WebMD Health News
Brenda Goodman, MA
Laura J. Martin, MD
Feb. 17, 2012 -- Got a stuffy nose, sore throat, watery eyes, or throbbing head? In February, those symptoms are usually caused by a cold or the flu, but this year, the culprit could be allergies.
Thanks to a mild winter, spring allergy season got started nearly a month early in many parts of the U.S., and experts say that could mean prolonged misery for people who are sensitive to tree pollen.
“It’s very unusual because it’s so early,” says Stanley M. Fineman, MD, who is president of the American College of Allergy, Asthma, and Immunology.
His office, the Atlanta Allergy & Asthma Clinic, has been logging local pollen counts for nearly 20 years. “We have not seen pollen counts this high, this early, as long as I can remember,” he says.
It’s the same story across much of the country.
“We’re seeing it in the middle states like Maryland, southern Ohio, even some of the western states,” Fineman says.
In Northern California, allergist Gregory W. Bensch, MD, started seeing high tree pollen counts in mid-January.
“It’s definitely a month, month-and-a-half earlier than usual,” says Bensch, who practices at the Allergy, Immunology, and Asthma Medical Group in Stockton, Calif.
He says, normally, his patients who suffer from spring allergies would start getting mild symptoms in February, with the real suffering -- swollen, itchy, red eyes; sneezing; runny noses -- setting in around March.
“I’m seeing those really miserable patients already. So it’s definitely been a very early, atypical year for the allergy sufferers.”
And many people are coming into doctors’ offices confused by spring allergies that hit mid-winter, which is normally cold and flu season.
“They weren’t quite sure: ‘Is this allergies? Do I have a cold? What’s going on?’” says Frank Virant, MD, an allergist at the Northwest Allergy and Asthma Center, in Seattle. “It was clear from looking at the nasal secretions under a microscope that it’s allergies.”
Bernard S. Zeffren, MD, says it’s only the third time in his 16 years of practice in Orlando, Fla., that allergy season and cold and flu season have overlapped. “We’re probably going to have a spread-out kind of year,” he says.
Biologists say an early pollen season may also mean a long one, though that’s more difficult to predict since the length of the season will depend on precipitation.
After the trees start blooming, rainfall determines how long they keep shedding pollen.
“There are some years that our pollen has come and gone very quickly because it’s been warm and dry,” says Kim Coder, PhD, a professor of tree biology at the University of Georgia, in Athens.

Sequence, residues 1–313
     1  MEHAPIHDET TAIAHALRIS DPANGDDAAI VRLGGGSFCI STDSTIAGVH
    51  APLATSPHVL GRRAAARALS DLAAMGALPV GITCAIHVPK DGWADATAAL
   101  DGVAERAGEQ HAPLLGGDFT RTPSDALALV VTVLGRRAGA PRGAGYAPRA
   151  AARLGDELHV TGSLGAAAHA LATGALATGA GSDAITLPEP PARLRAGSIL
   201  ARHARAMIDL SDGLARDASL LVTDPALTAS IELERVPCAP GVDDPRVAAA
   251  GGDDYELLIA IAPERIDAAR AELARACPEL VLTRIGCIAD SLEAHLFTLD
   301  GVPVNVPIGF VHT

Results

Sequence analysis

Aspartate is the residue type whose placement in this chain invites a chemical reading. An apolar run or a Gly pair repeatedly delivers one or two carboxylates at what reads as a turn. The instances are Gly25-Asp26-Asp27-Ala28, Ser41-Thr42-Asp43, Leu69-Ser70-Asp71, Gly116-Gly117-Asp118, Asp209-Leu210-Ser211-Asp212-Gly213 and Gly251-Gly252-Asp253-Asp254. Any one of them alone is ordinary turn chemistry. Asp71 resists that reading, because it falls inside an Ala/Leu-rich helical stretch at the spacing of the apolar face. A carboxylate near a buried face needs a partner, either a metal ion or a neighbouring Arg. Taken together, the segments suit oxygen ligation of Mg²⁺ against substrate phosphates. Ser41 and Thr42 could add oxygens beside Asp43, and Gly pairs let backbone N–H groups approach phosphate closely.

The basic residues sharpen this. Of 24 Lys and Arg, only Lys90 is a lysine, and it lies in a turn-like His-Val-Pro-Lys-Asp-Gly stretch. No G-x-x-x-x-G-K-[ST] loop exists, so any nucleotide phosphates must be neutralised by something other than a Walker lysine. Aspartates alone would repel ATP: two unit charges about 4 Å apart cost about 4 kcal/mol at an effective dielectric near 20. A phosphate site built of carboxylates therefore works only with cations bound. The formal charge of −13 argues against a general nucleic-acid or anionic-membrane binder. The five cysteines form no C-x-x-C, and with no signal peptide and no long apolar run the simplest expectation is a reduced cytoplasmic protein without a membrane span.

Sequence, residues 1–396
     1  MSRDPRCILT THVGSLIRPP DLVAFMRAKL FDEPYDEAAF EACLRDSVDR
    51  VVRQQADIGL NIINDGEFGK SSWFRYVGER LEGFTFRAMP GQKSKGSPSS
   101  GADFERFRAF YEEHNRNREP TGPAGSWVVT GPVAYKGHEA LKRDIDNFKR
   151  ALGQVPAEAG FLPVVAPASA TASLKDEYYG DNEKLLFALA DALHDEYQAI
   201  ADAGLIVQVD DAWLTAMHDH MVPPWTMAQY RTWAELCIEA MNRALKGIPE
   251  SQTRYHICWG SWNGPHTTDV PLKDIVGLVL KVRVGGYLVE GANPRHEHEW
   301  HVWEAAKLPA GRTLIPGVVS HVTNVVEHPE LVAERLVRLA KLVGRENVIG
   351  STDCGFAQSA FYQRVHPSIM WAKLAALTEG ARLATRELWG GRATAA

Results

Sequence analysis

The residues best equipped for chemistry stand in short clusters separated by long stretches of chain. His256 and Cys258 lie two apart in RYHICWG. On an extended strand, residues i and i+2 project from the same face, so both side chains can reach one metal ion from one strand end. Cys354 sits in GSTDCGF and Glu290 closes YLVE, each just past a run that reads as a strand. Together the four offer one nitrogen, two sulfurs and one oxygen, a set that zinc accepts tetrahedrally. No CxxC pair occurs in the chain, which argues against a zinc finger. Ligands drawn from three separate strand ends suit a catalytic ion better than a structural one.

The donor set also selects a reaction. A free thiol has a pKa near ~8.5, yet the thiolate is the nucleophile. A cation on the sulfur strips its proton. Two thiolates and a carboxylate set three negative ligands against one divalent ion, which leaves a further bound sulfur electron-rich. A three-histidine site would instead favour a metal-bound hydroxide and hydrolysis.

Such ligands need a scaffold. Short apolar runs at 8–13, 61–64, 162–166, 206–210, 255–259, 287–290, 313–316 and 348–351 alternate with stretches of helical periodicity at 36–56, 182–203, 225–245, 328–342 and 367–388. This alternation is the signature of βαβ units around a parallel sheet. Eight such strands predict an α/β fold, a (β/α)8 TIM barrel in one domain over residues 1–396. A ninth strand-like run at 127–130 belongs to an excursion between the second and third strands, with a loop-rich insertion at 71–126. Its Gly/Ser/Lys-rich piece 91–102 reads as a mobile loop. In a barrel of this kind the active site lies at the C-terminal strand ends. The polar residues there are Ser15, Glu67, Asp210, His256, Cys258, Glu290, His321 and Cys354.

“When you have rainy, intermittent weather, that can prolong the tree pollen season because it lengthens the time the flowers are open and producing pollen,” Coder tells WebMD.
Researchers say the early allergy season isn’t a fluke. It may be part of a larger trend that’s being shaped by climate change.
A 2010 study that looked at 26 years’ worth of pollen counts for five allergens in northern Italy showed that as temperatures increased, pollen seasons stretched in that region by more than two weeks. Pollen counts were higher, too. Scientists saw about 25% more pollen in 2007 than they did in 1981. And there was evidence that more people were becoming sensitive to those allergens over time. It’s happening in this country, too.
“We’re seeing a very consistent change in how early plants flower in the spring,” says Lewis Ziska, PhD, a research plant physiologist at the USDA’s Crop Systems and Global Change Laboratory in Beltsville, Md.
What’s more, the warmer temperatures are affecting all plants, not just trees.
Ziska has been tracking ragweed, a plant that is usually a problem in the fall. In a study published last year, he found that ragweed seasons were getting longer in the U.S. and Canada, with northern regions seeing the biggest increases. In Minneapolis, for example, the ragweed season was about 16 days longer in 2009 than it was in 1995. In Saskatoon, Canada, it was nearly a month longer in 2009 than in 1995.
“We really need to kind of sit back, take notice of it, and say, ‘This is something we need to pay attention to,’” Ziska says.
When possible, the best strategy is to try to avoid the pollen. That means staying indoors.
If you have to be outdoors, Bensch says it’s smart to use a mask to protect your airway.
Tight-fitting glasses can help keep the pollen out of your eyes.
When inside, keep your doors and windows shut. Turning on the air conditioning can help keep the air clean, Bensch says.
“Central air systems work great to filter indoor air, but you’ve got to change the filters. Not enough people change their filters regularly enough,” he says.
A shower before bed will wash pollen out of your hair and keep it off your pillow. That may make it easier to get a good night’s sleep.
SOURCES:Ziska, L. Proceedings of the National Academy of Sciences, March 8, 2011.Ariano, R. Annals of Allergy, Asthma, and Immunology, March 2010.Stanley M. Fineman, MD, MBA, president, American College of Allergy, Asthma and Immunology, Arlington Heights, Ill; allergist, Atlanta Allergy & Asthma Clinic, Atlanta, Ga.Gregory W. Bensch, MD, allergist, Allergy, Immunology, and Asthma Medical Group, Stockton, Calif.Frank Virant, MD, allergist, Northwest Allergy and Asthma Center, Seattle, Wash.Bernard S. Zeffren, MD, Allergy and Asthma Consultants of Central Florida, Orlando, Fla.Kim Coder, PhD, professor of tree biology, University of Georgia, Athens, Ga.Lewis Ziska, PhD, research plant physiologist, Crop Systems and Global Change Laboratory, Agricultural Research Service, United States Department of Agriculture, Beltsville, Md.
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